The Absence of Favelas in Rio’s 450th Anniversary Celebrations

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For the original in Portuguese by Mônica Francisco* published in Jornal do Brasil click here.

All the changes undergone in recent years, with emphasis on the mega-events the country is hosting such as the forthcoming Olympic and Paralympic Games, have undoubtedly dramatically impacted the lives of Brazilian cities, particularly Rio de Janeiro.

We cannot imagine a Rio de Janeiro without its direct association with the favelas that surround it. However, the point is that whilst this is true, favelas have not had any presence in the celebrations of 450 years of the city.

Nothing is innocent or without motive. The absence of favelas in the call to celebrate the anniversary of our city has the clear intention of showing just how undesirable this part of the city really is.

Even more damaging than simply not mentioning the history of favelas being so intertwined with the history of the city, this neglect serves as an evident signal, though not as clear as in past times, that the dream of extinguishing them is alive and well. The dream that never died, even though some people think it did.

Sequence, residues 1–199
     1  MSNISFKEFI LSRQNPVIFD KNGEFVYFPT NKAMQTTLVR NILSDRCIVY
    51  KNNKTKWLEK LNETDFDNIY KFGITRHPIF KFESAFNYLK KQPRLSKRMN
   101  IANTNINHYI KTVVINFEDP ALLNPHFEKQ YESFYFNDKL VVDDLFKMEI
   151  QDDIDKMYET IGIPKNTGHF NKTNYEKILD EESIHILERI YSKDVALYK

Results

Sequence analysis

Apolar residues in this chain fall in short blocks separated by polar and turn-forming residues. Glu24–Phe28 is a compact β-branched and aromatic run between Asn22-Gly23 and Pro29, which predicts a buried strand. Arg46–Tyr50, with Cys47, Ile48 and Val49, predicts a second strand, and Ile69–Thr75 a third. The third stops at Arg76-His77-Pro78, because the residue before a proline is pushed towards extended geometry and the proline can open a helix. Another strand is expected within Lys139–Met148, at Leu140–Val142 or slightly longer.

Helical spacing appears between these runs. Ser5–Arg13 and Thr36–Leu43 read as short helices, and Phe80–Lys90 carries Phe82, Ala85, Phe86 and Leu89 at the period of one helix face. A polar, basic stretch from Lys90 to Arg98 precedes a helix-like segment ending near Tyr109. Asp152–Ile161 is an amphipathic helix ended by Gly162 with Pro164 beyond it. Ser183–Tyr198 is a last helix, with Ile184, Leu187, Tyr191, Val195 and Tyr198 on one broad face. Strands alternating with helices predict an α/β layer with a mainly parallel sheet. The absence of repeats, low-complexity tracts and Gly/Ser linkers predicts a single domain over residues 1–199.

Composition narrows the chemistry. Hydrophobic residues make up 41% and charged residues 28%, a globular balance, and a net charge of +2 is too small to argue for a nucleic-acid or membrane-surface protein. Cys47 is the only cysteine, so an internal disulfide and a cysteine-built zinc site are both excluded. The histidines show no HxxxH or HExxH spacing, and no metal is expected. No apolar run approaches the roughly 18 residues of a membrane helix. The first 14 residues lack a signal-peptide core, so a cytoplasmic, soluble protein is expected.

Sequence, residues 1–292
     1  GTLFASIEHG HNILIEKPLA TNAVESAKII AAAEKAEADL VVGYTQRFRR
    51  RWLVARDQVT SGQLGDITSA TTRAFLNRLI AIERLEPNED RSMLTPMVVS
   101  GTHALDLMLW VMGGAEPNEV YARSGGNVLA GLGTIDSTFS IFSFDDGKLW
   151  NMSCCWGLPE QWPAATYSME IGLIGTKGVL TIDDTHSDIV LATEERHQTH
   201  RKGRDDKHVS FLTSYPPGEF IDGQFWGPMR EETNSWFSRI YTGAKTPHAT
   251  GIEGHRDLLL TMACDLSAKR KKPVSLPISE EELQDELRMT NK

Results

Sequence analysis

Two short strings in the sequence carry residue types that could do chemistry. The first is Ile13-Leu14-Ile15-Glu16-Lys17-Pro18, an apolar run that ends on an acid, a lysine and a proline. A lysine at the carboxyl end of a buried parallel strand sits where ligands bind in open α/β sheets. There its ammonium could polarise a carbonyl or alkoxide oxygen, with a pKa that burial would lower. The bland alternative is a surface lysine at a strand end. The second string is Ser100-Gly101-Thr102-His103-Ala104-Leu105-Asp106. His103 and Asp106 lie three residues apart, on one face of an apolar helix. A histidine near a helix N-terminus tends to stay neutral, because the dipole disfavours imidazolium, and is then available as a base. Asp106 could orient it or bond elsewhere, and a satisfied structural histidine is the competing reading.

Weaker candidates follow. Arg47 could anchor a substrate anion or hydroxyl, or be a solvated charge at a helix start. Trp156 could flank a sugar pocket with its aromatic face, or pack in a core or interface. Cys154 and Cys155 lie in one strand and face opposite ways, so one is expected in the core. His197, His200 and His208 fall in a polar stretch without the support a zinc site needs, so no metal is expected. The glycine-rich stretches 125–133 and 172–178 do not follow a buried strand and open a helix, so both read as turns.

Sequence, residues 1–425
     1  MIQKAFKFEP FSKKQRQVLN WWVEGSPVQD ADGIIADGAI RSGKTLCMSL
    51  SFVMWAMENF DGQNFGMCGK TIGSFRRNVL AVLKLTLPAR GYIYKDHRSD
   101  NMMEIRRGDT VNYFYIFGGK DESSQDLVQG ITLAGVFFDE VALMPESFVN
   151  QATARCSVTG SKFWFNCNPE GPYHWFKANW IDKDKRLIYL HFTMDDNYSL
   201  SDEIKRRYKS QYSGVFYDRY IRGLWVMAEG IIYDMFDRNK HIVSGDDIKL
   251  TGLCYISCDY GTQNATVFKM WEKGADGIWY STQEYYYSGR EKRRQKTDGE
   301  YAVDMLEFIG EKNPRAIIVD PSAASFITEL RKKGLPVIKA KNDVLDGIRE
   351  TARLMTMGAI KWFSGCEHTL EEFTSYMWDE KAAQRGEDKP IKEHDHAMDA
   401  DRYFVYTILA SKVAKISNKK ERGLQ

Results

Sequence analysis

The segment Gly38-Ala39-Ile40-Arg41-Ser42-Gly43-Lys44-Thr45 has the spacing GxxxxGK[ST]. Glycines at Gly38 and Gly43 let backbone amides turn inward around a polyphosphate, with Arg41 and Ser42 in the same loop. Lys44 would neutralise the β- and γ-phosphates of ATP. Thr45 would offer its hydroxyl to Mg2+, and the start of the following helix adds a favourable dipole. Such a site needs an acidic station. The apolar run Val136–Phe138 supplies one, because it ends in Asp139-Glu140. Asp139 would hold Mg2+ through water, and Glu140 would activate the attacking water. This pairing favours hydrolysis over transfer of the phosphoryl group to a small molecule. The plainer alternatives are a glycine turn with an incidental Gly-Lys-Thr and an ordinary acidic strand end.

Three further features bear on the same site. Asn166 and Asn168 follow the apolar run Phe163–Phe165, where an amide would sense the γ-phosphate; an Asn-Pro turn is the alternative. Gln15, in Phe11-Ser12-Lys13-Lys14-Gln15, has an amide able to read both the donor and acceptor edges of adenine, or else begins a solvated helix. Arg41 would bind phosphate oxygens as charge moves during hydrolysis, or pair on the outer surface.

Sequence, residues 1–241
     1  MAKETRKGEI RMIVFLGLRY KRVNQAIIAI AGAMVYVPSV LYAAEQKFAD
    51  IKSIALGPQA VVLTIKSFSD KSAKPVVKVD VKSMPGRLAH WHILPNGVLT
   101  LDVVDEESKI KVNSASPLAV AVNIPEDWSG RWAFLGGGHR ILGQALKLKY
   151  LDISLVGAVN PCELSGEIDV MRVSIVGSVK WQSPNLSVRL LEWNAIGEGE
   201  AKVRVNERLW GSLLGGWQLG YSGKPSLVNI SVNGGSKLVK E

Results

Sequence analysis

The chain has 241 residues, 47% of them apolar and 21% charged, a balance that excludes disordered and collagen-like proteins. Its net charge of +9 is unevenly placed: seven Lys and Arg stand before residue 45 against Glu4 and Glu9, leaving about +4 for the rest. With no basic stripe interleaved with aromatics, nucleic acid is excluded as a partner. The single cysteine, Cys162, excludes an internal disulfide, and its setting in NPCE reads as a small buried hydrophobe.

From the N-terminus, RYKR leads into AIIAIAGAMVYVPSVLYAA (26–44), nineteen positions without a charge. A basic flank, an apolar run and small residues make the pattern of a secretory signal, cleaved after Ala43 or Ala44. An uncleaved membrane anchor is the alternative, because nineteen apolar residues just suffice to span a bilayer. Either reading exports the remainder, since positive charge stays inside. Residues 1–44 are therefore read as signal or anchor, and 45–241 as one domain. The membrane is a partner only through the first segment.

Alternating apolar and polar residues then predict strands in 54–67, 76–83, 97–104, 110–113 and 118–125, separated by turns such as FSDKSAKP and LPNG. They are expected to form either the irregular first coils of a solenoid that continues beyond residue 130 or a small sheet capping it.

It is no accident that every so often a few favelas disappear from official maps. But underneath all this there are the forced evictions and police operations that cause catastrophic damage to communities.

The city, its institutions and favela residents would gain much more if there were recognition and respect for the historical process and fundamental role the favelas have in preserving the balance of our deeply unequal society. As the song goes, when you give the favelas their turn, the whole city will sing. It’s just a piece of advice!

“Our fight is every day. The favela is the city. No to autos de resistência, or deaths caused when suspects “resist arrest,” no to gentrification, no to the reduction of the age of criminal responsibility, no to racism, no to institutional racism, no to compulsory voting, no to sexism, no to violence against women and no to forced evictions. No!”

*Mônica Francisco is a representative of the Borel Institutions Network, coordinator of the Arteiras Group at the Asplande NGO.